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I'm new to managing networks and I've reached the limit of what I can do on my own by just using google. I tried to find similar questions but didn't find anything like what I'm dealing with at the moment.

Important background info: I'm setting up a 10 gigabit network between two existing servers and one new server. I've installed a new network switch (Netgear Prosafe XS712T), and new network cards in the two old servers (Intel X540T2 10Gb Adapter). The new server has the same network card. All servers are running some flavor of linux (one is running debian, one ubuntu, and one fedora... not my fault...). All of this setup is underneath (exists within) the department network at the university where I work. The speed of that network is 1 gigabit.

What I am trying to do: The goal is to allow high-speed data transfers between our new machine and our old machines, which makes it practical for us to set up a shared directory on the new machine which will mirror to the old ones. We are working with large data sets which can be ~5-10 GB in size.

Current Status: Network cards are installed on all machines. All machines can access the internet. All machines can ping each other. All machines are able to transfer files to and from each other using scp. Driver for network cards (ixgbe) is installed from Intel website, replaced native ixgbe driver. lsmod shows driver module running on all machines.

Network switch appears to function properly* on the new machine. No appreciable delays in internet access, transfers, connections to other machines, etc. For old machines, there appears to be limited-speed/intermittent internet access at times.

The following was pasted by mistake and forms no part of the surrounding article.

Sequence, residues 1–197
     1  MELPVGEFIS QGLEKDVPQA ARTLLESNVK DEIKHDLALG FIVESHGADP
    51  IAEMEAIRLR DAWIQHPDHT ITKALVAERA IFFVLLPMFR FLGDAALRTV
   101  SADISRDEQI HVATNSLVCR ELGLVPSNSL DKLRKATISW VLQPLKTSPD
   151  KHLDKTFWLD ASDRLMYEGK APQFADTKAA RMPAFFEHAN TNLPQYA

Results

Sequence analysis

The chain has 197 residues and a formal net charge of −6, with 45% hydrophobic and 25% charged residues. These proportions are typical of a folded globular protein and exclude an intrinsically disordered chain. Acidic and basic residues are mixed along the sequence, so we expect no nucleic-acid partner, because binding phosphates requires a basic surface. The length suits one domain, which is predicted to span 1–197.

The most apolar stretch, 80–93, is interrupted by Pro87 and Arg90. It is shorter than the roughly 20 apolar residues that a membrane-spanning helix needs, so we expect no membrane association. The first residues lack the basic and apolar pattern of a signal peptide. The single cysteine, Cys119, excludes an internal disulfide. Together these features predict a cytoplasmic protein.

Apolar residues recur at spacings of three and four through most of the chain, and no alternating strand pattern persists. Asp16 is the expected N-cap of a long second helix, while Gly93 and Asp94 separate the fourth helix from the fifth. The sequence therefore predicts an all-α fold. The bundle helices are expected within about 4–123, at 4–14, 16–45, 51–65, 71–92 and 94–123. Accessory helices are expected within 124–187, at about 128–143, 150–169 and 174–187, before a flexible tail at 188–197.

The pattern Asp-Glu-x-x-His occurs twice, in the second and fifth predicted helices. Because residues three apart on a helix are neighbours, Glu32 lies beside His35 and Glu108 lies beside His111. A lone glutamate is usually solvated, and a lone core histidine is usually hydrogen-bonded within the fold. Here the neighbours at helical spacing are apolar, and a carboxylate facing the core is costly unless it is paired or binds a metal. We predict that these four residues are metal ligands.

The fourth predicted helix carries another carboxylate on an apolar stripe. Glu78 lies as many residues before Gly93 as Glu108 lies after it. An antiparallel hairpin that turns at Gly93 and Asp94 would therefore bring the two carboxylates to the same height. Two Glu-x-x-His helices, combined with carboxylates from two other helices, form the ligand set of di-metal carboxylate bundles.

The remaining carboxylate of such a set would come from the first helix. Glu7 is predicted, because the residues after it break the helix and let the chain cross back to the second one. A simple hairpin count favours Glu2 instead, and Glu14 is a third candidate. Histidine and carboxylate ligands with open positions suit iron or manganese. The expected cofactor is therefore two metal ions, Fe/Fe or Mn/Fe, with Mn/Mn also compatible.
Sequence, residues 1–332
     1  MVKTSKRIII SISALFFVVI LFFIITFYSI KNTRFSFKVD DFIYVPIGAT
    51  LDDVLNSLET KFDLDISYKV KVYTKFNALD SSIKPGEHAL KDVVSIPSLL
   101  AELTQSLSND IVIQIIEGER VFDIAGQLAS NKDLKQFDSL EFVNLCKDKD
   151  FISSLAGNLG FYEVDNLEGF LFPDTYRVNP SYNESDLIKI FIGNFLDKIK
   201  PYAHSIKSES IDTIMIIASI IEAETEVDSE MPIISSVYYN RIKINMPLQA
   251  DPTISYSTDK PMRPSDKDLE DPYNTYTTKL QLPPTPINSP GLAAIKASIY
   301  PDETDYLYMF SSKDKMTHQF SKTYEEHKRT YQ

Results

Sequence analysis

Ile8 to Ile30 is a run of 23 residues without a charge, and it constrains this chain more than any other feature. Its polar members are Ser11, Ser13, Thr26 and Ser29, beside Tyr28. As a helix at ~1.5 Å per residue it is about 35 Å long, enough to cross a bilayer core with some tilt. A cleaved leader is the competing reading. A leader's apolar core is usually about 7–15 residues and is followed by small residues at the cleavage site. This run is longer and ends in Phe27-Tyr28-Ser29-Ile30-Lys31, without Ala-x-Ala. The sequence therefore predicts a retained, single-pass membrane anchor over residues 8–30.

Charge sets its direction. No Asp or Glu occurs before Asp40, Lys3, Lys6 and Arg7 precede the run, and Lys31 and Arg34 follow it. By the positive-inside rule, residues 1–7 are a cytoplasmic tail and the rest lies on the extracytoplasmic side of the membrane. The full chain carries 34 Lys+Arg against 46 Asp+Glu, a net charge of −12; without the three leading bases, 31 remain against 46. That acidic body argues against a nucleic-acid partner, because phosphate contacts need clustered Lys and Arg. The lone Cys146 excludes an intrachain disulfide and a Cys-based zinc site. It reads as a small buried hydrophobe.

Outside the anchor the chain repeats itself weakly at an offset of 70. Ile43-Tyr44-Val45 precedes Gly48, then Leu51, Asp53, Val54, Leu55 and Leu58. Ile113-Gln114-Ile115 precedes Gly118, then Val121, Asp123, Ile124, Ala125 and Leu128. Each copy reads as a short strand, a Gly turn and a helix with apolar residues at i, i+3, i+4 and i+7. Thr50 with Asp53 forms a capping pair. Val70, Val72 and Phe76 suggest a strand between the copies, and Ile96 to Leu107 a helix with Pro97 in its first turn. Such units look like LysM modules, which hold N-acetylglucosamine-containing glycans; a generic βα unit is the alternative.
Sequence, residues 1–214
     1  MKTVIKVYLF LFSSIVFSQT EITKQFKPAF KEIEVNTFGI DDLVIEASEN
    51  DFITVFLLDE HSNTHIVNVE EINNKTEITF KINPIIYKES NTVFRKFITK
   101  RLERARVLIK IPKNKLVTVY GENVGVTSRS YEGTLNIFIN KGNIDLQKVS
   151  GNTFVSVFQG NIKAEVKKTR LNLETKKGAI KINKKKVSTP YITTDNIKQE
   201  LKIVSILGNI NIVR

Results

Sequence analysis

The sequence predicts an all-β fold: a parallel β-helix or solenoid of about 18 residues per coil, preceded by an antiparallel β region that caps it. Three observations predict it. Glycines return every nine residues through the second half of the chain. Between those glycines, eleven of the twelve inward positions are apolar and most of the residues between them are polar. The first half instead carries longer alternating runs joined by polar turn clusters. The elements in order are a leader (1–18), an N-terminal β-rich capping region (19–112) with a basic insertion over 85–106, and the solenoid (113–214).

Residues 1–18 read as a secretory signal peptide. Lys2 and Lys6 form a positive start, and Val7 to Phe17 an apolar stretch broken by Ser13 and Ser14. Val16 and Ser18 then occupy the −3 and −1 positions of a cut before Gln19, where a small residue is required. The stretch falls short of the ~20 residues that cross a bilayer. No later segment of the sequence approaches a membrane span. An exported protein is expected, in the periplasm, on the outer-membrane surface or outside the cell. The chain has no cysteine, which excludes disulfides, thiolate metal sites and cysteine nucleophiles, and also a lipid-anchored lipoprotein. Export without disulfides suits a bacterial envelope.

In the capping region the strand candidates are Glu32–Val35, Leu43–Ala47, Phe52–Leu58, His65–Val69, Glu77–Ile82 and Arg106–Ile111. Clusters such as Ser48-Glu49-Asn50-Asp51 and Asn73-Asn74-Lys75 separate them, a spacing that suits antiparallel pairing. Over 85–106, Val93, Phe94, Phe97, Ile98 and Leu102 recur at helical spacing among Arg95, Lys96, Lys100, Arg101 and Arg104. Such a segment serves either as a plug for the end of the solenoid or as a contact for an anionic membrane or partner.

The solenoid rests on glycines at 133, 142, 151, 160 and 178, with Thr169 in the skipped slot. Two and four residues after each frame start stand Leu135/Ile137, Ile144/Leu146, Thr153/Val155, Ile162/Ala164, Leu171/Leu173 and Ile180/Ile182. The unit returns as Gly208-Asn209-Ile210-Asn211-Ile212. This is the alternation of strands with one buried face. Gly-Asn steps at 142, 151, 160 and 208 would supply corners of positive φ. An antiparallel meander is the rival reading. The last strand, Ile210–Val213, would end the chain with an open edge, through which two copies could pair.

*no high speed, though. using scp to transfer files from any one of these machines to any other results in network speeds that match what i would see before i installed the new switch and cards. (~65-70MB/s)

Problems: As stated above, connection speeds have not changed since installation of new network cards/switch. Connections/pings/transfers are often sluggish to start.

Example; a ping from one old server to the other... very sluggish:

mrfox:# ping darjeeling
PING darjeeling.xxxxx (xxx.xx.x.xx) 56(84) bytes of data.
64 bytes from darjeeling.xxxxx (xxx.xx.x.xx): icmp_req=1 ttl=64 time=0.124 ms
64 bytes from darjeeling.xxxxx (xxx.xx.x.xx): icmp_req=2 ttl=64 time=0.116 ms
64 bytes from darjeeling.xxxxx (xxx.xx.x.xx): icmp_req=3 ttl=64 time=0.116 ms
64 bytes from darjeeling.xxxxx (xxx.xx.x.xx): icmp_req=4 ttl=64 time=0.110 ms
^C64 bytes from darjeeling.xxxxx (xxx.xx.x.xx): icmp_req=5 ttl=64 time=0.116 ms

--- darjeeling.xxxxx ping statistics ---
5 packets transmitted, 5 received, 0% packet loss, **time 32034ms**
rtt min/avg/max/mdev = 0.110/0.116/0.124/0.010 ms

The same but from the other direction... not sluggish at all:

Darjeeling:~$ ping mrfox
PING mrfox 56(84) bytes of data.
64 bytes from mrfox : icmp_req=1 ttl=64 time=0.103 ms
64 bytes from mrfox : icmp_req=2 ttl=64 time=0.097 ms
64 bytes from mrfox : icmp_req=3 ttl=64 time=0.099 ms
64 bytes from mrfox : icmp_req=4 ttl=64 time=0.100 ms
64 bytes from mrfox : icmp_req=5 ttl=64 time=0.078 ms
64 bytes from mrfox : icmp_req=6 ttl=64 time=0.099 ms
64 bytes from mrfox : icmp_req=7 ttl=64 time=0.095 ms
^C
--- mrfox  ping statistics ---
7 packets transmitted, 7 received, 0% packet loss, **time 5998ms**
rtt min/avg/max/mdev = 0.078/0.095/0.103/0.014 ms

Ping from old server to new server... no sluggishness:

mrfox# ping xxx.xx.x.xxx
---  ping statistics ---
6 packets transmitted, 6 received, 0% packet loss, time 4998ms

Traceroute behaves differently when connecting to one machine in particular:

[moonrise]# traceroute darjeeling
traceroute to darjeeling  30 hops max, 60 byte packets
 1  * * *
 2  * * *
 3  * * *
 4  * * *
 5  * * *
etc etc
30  * * *

But behaves normally (i think?) when connecting to any other machine:

[moonrise]# traceroute mrfox
traceroute to mrfox ( ), 30 hops max, 60 byte packets
 1  mrfox. ( )  1.799 ms  1.755 ms  1.673 ms

My Questions: It seems like the connection between our machines isn't running at 10Gb like it should. I think it is only running at 1Gb, like the rest of the department's network. What other commands can I use to test the connections between the servers?

If I'm right, what are the next steps in figuring out how to get the machines to interact properly?